12 Monitoring and assessment (Phase H) The Monitoring and Assessment section of the standard describes how to analyze the performance of the alarm system against recommended key performance indicators (Table 5). One of the key metrics is the number of alarms that are presented to the operator. In order to provide adequate time to respond effectively, an operator should be presented with no more than one to two alarms every ten minutes. In many control rooms, operators are inundated with an average of one alarm every minute, which makes it challenging to respond correctly to each alarm. A related metric is the percentage of ten-minute intervals in which the operator received more than ten alarms, which indicates the presence of an alarm flood. ISA-18.2 recommends using no more than three or four different alarm priorities in the system. To help operators know which alarms are most important so they can respond correctly, it is recommended that no more than 5% of the alarms be configured as high priority. The system should make it easy to review the configured alarm priority distribution, for example, by exporting alarm information to a.csv file for analysis in MS Excel. Analysis should also include identifying nuisance alarms, which are alarms that annunciate excessively, unnecessarily, or do not return to normal after the correct response is taken (e.g., chattering, fleeting, or stale alarms). The system should have the capability of calculating and displaying statistics, such as alarm frequency, average time in alarm, time between alarms, and time before acknowledgement. It is not uncommon for the majority of alarms (up to 80%) to originate from a small number of tags (10 20). This frequency analysis makes it easy to identify these bad actors and fix them. The average time in alarm metric can help identify chattering alarms, which are alarms that repeatedly transition between the alarm state and the normal state in a short period of time. Figure 9 Pinpointing nuisance alarms from an alarm frequency display in the HMI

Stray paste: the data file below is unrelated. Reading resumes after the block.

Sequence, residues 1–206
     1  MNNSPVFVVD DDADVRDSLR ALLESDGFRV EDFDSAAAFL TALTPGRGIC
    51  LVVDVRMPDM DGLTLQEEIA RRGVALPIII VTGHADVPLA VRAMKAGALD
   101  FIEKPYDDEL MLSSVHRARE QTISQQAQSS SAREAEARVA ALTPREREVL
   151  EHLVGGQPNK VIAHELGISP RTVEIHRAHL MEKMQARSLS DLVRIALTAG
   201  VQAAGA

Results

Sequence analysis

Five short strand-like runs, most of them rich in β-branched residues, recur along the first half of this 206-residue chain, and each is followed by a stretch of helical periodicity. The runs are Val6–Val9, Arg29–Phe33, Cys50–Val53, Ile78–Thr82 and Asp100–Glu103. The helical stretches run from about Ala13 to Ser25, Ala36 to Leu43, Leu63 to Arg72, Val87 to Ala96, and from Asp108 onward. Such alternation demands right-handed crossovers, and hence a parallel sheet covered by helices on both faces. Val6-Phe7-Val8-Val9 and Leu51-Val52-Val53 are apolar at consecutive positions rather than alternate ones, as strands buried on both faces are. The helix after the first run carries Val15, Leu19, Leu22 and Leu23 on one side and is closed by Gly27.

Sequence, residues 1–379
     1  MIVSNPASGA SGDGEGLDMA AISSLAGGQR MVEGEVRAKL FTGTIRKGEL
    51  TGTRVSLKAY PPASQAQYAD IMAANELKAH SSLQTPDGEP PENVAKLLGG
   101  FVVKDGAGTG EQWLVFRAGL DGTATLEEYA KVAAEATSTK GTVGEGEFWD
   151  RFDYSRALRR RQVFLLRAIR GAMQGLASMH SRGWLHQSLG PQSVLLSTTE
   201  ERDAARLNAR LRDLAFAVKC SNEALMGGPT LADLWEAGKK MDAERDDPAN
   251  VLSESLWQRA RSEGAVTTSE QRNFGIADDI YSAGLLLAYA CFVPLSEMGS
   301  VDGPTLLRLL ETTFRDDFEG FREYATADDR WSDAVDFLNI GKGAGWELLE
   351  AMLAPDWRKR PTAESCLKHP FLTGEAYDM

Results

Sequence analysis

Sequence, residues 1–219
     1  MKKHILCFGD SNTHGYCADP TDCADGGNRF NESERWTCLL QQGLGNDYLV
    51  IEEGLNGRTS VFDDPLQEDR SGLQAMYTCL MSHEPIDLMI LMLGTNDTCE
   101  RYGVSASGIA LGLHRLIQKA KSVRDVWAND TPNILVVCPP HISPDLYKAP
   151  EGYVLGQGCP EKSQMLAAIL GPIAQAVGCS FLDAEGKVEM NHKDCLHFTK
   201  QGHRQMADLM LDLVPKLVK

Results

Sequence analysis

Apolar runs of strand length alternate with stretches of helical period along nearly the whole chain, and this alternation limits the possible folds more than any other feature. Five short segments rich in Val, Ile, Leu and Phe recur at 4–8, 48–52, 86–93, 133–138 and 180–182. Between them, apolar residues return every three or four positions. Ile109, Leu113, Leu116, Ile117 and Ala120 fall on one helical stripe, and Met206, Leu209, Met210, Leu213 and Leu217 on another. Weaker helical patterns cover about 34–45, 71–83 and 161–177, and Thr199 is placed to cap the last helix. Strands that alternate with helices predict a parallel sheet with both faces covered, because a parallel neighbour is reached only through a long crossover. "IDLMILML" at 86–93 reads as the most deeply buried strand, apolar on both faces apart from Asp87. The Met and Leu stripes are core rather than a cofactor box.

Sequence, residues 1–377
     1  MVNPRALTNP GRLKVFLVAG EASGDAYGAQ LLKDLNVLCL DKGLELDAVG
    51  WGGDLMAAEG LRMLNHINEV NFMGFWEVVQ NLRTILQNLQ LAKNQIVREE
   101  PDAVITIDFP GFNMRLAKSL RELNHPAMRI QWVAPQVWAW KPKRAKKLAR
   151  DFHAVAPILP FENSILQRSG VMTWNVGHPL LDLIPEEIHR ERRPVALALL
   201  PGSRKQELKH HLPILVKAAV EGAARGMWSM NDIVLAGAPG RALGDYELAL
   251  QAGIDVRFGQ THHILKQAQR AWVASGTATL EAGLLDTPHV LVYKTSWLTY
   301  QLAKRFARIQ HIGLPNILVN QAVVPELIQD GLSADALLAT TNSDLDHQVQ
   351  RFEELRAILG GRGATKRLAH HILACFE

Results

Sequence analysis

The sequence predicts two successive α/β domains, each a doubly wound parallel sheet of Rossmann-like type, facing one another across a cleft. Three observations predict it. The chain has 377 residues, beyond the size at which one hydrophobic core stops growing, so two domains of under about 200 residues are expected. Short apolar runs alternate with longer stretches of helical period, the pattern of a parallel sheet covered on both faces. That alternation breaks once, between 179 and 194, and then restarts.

13 13 Another key objective of the Monitoring & Assessment phase is to identify stale alarms, which are those alarms that remain in the alarm state for an extended period of time (> 24 hours). The system should allow the alarm display to be filtered, based on time in alarm, in order to create a stale alarm list. Alarm display filters should be savable and reusable so that on-demand reports can be easily created. All information contained in the alarm display should be exportable for ad-hoc analysis. Alarm Performance Metrics Based Upon at Least 30 Days of Data Metric Target Value Annunciated Alarms per time Target Value: Very likely to be acceptable Target value: Maximum manageable Annunciated Alarms per day per operating 150 alarms per day 300 alarms per day position Annunciated alarms per hour per operating 6 (average) 12 (average) position Annunciated alarms per 10 minutes per operating 1 (average) 2 (average position Metric Target Value Percentage of hours containing more than 30 <1% alarms Percentage of 10-minute periods containing more <1% than 10 alarms Maximum number of alarms in a 10-minute period 10 Percentage of time the alarm system is in a flood <1% condition Percentage contribution of the top 10 most <1% to 5% maximum, with action plans to address deficiencies frequent alarms to the overall alarm load Quantity of chattering and fleeting alarms Zero, develop action plans to correct any that occur Stale alarms <5/day, with action plans to address Annunciated priority distribution If using three priorities: 80% low, 15% medium, 5% high If using four priorities: 80% low, 15% medium, 5% high, <1% highest Other special-purpose priorities are excluded from the calculation Unauthorized alarm suppression Zero alarms suppressed outside of controlled or approved methodologies Unauthorized alarm attribute changes Zero alarm attribute changes outside of approved methodologies or Management of Change (MOC) Table 5 ISA-18.2 Alarm Performance Metrics 3